SPI Interface Customization in Automotive ECU Testing
CAS DataLoggers provided the data acquisition solution to an automotive manufacturer in a real-time Hardware-in-
In HIL test applications, individual components are the Device Under Test (DUT) while the rest of the automobile is absent but simulated mathematically. The DUT interacts with all simulated subsystems during the test. In this case, the airbag ECU under test uses a Serial Peripheral Interface (SPI) to communicate. However, SPI is not an all-inclusive standard but is handled differently for each individual application.
The lead test engineer contacted the North American ADwin distributor, CAS DataLoggers, who supplied an ADwin-Pro-II Data Acquisition and Control System (https://www.dataloggerinc.com/
ADwin is widely used in automotive ECU testing applications and for test stand data acquisition and control. Using the ADwin system, users can acquire the analog/digital signals and I/Os of the ECU under test, while the timing of all signals and messages can be evaluated online at microsecond accuracy with an I/O response time of 1 microsecond.
Since SPI sensors don't share a common SPI standard, simulation must be handled individually. The customer provided CAS DataLoggers with the data sheet for their particular ECU. ADwin's German manufacturer, Jager-ADwin, used this information to customize an ADwin PRO-II system to generate the SPI slave interface for this application. Through 'Master Out Slave In' or MOSI, the ECU provides the clock and sends commands to the ADwin which then sends the ECU a given acceleration value in 10-bit resolution as the desired answer. The ADwin includes all signals on the SPI interface into the ECU test run.
Here the ECU's onboard high-g acceleration sensors are surface-mounted on the airbag ECU itself to detect a crash event. Each of these micromechanical sensors are connected to the ADwin, one per analog channel. These single-channel sensors are based on a digital 16-bit SPI interface. During real-world use, these sensors deploy the airbag by detecting the deceleration of the automobile during a crash event.
The ADwin-PRO-II's outputs stimulate the DUT using analog signals and control the acceleration value each sensor receives, which the PRO-II then measures and records. Acceleration is relatively easy to simulate using an ADwin system, which greatly simplifies this HIL automotive ECU testing application.
The PRO-II control system produces the acceleration signal via current stimulation to the ECU's inputs with a current of varying amount. This acceleration value determines whether the airbag deploys or not. In this case, the particular airbag has a 2-ohm resistance. Every current administered below 500mA is considered to be a test current, used to test varying aspects of performance, for example, if the airbag is mounted properly, etc. In contrast, current above 5 amps is termed the 'explosion current' and this verifies if the airbag itself is deploying properly, as it should in a real crash event.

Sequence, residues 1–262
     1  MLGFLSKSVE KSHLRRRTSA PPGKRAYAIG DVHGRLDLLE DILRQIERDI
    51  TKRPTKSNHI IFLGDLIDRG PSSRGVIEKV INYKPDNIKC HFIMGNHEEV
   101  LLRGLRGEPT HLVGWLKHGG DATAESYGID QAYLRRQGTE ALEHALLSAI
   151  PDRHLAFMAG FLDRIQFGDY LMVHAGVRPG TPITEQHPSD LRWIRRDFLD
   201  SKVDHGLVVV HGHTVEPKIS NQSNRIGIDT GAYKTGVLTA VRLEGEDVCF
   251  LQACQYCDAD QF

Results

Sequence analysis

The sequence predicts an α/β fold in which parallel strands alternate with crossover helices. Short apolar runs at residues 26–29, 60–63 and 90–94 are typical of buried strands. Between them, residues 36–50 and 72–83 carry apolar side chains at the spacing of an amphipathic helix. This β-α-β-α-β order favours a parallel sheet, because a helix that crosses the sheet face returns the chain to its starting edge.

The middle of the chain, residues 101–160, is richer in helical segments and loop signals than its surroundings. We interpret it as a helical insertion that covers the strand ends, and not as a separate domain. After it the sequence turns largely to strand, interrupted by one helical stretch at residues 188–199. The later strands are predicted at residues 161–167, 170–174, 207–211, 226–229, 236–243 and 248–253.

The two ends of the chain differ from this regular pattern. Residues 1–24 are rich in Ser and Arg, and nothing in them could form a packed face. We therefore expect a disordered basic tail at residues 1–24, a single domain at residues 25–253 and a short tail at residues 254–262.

Additionally, the ADwin simultaneously monitors the tested ECU's outputs and evaluates them online via Ethernet in order to verify whether the stimulation and the ECU's response correspond to the specifications.
Users have discovered that the ADwin's fast compile time greatly speeds application development. Before using ADwin, test engineers had to wait hours after programming their application—
ADwin offers test applications a variety of communications options including connection to a PC via Ethernet (USB optional) to begin the test run and exchange results. As mentioned, ADwin can also interface with CANbus. If users require standalone operation, an available boot option allows for fully-functional operation independent of a PC or external computer.
Test Visualization Software
The ADwin software directly connects with Windows without risk of OS crashes and lockups. This software can be used under Windows and LINUX or as a stand-alone data acquisition system. Users are free to develop their test stand application with a full set of available drivers (VB, VC/C++, LabVIEW, TestPoint and more) enabling full integration with other applications and programming languages including MATLAB and SimuLink.
The test team's automotive ECU testing and development significantly benefitted from the ADwin data acquisition and control system. Here a single test system–the ADwin-Pro-II—
thoroughly-tested component which in turn leads to improved airbag safety and a more reliable automobile.
For more information on the ADwin Pro II Data Acquisition and Control System (https://www.dataloggerinc.com/